You’ve probably heard about the big security breach suffered by Twitter. You may also have heard that it was a social engineering and spear-phishing attack on Twitter employees that caused the breach. The  attackers accessed the company’s powerful customer administration tools – something akin to the “crown jewels”. This incident affected dozens of user accounts, including those of Joe Biden, Bill Gates, Elon Musk and Kanye West.

It’s alarming to think that a company as big as Twitter didn’t have appropriate proper security measures in place when they knew they were a target. They should have been able to stop an attack that seemed to take a few teenagers only a few hours to perform with some social engineering and spear-phishing emails. But while the attack itself may have only taken a few hours, it’s likely the result of many days of research and planning.

Annoyed

Regardless of whether it took the attackers hours or days to plan and execute the attack, it should not have been successful. Twitter knows it is a big target, for many reasons.

People, process and technology

The challenge is that every company does risk management differently and there is no standard for completely securing an organization. Often, organizations in regulated industries, or with more valuable corporate customers, have very strict policies and processes, along with appropriate security technologies. This usually makes it harder – but not impossible – for attacks like this to be successful. And without a solid, well-planned security framework in place, attackers can often do the research to find weaknesses and limitations that can be most easily exploited.

For example, a high profile organization may have the budget allocated for security technologies like Multi-Factor Authentication (MFA), which can reduce the risks of simple stolen passwords. However, an employee can be tricked into using their legitimate access to do something they think is helpful for a co-worker or customer, but which really benefits the attacker. So, there are often key processes and people that are very difficult to “configure” in ways that will thwart a determined attacker.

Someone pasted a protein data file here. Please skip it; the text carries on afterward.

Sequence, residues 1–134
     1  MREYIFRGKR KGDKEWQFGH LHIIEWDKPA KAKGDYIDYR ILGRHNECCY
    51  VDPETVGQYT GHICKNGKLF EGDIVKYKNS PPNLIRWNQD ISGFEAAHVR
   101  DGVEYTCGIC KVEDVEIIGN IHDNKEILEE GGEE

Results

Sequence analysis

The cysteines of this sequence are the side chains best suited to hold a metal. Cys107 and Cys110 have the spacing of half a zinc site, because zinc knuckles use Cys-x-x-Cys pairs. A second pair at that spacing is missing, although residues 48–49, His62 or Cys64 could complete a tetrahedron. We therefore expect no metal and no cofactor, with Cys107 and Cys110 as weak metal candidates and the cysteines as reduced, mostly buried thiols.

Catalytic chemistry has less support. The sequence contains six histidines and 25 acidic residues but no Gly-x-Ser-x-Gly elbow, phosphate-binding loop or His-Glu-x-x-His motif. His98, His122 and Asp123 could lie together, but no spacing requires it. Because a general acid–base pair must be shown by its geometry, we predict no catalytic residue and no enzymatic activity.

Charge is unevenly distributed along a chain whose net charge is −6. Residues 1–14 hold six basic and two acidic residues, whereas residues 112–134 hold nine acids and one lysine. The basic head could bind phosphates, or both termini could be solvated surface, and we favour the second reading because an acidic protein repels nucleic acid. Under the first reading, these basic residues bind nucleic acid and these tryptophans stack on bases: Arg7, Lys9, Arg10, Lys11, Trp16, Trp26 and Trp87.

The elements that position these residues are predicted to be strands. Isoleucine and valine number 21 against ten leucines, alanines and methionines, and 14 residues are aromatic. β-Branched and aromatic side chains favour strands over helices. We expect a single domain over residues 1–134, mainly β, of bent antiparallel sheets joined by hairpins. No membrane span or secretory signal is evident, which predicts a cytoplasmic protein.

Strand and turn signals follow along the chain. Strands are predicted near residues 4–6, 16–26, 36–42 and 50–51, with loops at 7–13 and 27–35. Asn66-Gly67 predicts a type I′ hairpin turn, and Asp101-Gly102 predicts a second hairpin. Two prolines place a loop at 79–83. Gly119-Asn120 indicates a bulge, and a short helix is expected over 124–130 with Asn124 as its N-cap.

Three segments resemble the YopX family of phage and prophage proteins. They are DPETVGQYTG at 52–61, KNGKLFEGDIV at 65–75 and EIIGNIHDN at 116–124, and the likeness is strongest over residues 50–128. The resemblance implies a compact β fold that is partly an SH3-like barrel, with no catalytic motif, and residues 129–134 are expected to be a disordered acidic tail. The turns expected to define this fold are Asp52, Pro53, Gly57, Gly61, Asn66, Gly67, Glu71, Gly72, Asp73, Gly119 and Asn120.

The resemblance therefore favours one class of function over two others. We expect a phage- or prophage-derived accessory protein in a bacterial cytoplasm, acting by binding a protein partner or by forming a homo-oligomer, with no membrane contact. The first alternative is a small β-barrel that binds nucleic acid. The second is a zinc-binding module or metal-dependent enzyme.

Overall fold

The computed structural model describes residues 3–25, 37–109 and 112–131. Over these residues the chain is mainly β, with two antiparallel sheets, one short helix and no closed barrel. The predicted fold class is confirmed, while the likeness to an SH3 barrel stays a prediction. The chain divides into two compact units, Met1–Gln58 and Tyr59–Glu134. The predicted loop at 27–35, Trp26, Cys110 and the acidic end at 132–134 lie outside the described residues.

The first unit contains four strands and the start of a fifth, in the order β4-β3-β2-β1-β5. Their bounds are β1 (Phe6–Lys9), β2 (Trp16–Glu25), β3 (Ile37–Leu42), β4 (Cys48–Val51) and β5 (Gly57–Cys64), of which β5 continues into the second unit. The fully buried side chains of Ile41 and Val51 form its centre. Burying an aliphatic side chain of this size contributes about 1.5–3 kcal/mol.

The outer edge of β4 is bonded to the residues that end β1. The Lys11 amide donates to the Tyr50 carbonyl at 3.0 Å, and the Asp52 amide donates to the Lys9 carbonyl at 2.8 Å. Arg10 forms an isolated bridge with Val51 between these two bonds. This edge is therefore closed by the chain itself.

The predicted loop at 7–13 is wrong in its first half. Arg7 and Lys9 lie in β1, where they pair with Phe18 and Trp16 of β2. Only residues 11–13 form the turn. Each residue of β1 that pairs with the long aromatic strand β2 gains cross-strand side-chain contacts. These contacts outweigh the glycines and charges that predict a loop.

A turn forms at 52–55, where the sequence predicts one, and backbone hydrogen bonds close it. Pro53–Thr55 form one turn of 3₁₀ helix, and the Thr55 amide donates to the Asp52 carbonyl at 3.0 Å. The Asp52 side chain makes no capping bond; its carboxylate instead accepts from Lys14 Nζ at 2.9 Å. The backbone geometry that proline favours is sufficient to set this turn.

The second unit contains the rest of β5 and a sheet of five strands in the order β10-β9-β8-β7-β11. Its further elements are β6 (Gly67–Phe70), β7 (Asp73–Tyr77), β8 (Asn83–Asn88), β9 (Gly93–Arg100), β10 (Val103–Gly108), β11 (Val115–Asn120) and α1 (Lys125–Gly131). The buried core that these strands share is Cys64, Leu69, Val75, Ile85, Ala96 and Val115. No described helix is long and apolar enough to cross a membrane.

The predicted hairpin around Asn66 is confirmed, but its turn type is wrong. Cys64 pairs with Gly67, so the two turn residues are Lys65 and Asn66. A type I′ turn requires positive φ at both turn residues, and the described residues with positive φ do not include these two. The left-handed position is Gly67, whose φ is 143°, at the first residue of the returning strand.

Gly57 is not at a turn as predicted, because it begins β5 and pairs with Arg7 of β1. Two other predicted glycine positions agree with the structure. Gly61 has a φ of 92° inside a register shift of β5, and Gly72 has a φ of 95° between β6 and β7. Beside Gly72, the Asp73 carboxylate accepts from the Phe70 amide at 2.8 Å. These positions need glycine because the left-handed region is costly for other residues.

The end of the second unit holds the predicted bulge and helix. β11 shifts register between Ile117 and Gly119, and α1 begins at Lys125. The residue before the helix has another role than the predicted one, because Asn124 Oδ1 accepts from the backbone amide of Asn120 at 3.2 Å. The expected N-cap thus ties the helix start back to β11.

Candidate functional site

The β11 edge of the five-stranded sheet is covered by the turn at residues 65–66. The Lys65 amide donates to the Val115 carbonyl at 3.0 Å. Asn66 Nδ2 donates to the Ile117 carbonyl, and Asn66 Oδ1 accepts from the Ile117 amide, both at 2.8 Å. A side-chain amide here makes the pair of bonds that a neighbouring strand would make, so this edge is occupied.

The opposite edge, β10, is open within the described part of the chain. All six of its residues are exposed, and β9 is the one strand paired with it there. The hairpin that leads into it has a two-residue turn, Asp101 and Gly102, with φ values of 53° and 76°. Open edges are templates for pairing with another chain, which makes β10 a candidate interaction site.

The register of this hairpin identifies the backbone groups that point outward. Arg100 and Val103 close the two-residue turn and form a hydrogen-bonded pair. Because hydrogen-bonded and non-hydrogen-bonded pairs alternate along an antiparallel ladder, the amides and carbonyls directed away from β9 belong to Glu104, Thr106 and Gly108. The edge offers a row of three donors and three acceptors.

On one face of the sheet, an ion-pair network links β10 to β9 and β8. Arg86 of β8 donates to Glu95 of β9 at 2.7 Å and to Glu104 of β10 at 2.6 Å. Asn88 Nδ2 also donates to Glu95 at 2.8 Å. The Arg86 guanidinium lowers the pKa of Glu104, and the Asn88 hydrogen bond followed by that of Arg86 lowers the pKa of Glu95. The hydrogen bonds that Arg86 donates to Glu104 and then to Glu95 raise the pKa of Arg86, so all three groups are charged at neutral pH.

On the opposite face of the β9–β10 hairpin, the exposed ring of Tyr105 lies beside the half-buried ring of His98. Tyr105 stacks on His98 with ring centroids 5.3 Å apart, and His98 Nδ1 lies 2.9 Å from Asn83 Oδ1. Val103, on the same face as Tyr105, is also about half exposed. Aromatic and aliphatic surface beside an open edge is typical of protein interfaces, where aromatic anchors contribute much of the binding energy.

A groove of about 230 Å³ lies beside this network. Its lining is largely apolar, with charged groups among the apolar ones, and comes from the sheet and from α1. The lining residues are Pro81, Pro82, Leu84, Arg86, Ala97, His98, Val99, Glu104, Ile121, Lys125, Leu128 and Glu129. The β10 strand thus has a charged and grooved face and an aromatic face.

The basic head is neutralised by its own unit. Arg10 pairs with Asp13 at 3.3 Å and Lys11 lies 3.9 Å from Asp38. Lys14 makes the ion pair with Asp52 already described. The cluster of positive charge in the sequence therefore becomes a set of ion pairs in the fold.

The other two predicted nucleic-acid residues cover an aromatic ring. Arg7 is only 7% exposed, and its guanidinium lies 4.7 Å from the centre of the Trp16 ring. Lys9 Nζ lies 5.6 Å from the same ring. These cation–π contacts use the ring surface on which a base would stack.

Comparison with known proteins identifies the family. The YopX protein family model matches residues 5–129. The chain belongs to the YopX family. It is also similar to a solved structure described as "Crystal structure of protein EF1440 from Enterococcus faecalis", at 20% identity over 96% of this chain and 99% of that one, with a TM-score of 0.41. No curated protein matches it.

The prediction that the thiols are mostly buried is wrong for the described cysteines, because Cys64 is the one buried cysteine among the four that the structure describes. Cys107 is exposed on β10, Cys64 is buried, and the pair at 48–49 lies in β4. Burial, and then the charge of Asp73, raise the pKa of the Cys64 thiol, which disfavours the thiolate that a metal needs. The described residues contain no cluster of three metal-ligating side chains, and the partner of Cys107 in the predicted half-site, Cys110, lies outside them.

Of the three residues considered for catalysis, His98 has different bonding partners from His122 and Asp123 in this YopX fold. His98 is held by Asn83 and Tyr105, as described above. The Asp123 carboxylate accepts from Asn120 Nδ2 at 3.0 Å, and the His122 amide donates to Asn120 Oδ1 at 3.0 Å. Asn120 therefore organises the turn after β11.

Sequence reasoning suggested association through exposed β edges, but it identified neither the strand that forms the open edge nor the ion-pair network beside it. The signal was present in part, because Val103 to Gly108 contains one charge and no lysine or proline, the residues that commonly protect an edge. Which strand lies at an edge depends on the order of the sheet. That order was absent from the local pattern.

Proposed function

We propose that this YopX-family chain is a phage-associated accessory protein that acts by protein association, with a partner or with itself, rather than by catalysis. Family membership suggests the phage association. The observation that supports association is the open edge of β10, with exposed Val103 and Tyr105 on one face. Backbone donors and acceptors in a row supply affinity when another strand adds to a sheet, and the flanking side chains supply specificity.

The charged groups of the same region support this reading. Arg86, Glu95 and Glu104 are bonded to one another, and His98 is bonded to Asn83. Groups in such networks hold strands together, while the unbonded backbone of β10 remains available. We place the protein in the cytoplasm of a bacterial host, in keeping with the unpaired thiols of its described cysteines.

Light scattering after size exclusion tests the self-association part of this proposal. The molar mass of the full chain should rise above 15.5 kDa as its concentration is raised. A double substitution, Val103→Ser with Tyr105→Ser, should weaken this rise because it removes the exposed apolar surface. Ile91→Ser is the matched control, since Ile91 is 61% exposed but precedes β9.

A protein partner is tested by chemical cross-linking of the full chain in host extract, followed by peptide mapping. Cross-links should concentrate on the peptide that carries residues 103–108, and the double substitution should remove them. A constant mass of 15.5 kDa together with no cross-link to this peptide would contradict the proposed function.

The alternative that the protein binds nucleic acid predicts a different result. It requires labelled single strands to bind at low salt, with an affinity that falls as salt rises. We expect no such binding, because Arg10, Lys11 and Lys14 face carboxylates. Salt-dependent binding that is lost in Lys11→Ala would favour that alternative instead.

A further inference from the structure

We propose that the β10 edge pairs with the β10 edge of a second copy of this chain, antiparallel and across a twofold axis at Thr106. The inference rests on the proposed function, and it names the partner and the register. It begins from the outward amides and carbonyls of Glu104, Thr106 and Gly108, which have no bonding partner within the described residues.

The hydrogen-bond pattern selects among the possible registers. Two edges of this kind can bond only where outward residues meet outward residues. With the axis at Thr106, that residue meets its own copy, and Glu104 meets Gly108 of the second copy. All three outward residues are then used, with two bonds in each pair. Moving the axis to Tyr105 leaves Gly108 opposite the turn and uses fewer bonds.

I know the policy, but I’m really not a target, so…

Most people don’t realize the amount of time some attackers are willing to put into researching their targets and launching multiple “mini-attacks”, just to learn about the limits of an organization’s defenses. There are documented stories online of how social engineers have made as many as 7 different phone calls to employees in different functional departments of a target organization, before sending a spear-phishing email to a new employee. The final stage of the attack may look simple, such as an email with an attachment they need to review.

All of the above research can result in a high probability that the employee would open an attachment or click a link that could successfully launch malware onto their computer.

The main problem for organizations, even if they have good security policies and procedures, is that most employees don’t feel they are likely to ever be targeted. They really can’t imagine a scenario that would result in an attacker exploiting them. It just seems too implausible.

There may even be dis-incentives such as customer service representatives whose bonuses are tied to reducing costly management escalations – so they may try extra hard to please a caller. This can cause them to let their guard down in a very predictable way when a social engineer calls them. The benefit outweighs the risks in the employee’s mind.

Employees need to understand why and how the organization could be targeted [Hint: Mock phishing emails aren’t enough.]

Any organization can be targeted because of their own valuable information or systems. They are often chosen because of their close connections to customers, partners or suppliers, which might be the ultimate target. So, any unsuspecting employee is likely to be on the path of a social engineering attack.

This makes it increasingly important for every employee to not only know the standard security policies, but to be practiced in the kinds of situations they may face that could really expose data or systems in a social engineering attack.

What kinds of training programs can address risks from social engineering attacks?

Your organization may have a program that tests employees with live, mock phishing exercises. This is a good start for getting employees to realize that they can be targeted. But they are often not targeted enough, or relevant enough to illustrate to employees how they can be targeted.

If your team assumes the only way they are likely to be attacked is with a standard phishing email, it may be time to initiate a more comprehensive defensive training program, such as the gamified social engineering training offered by Click Armor. Our gamified awareness training platform is specifically designed to allow people to learn through interactive challenges, and then exercise those skills in gamified simulations.

If you’d like to learn more about our off-the-shelf gamified awareness programs, or about our services for bringing your own awareness training content to life through gamification, please contact us.

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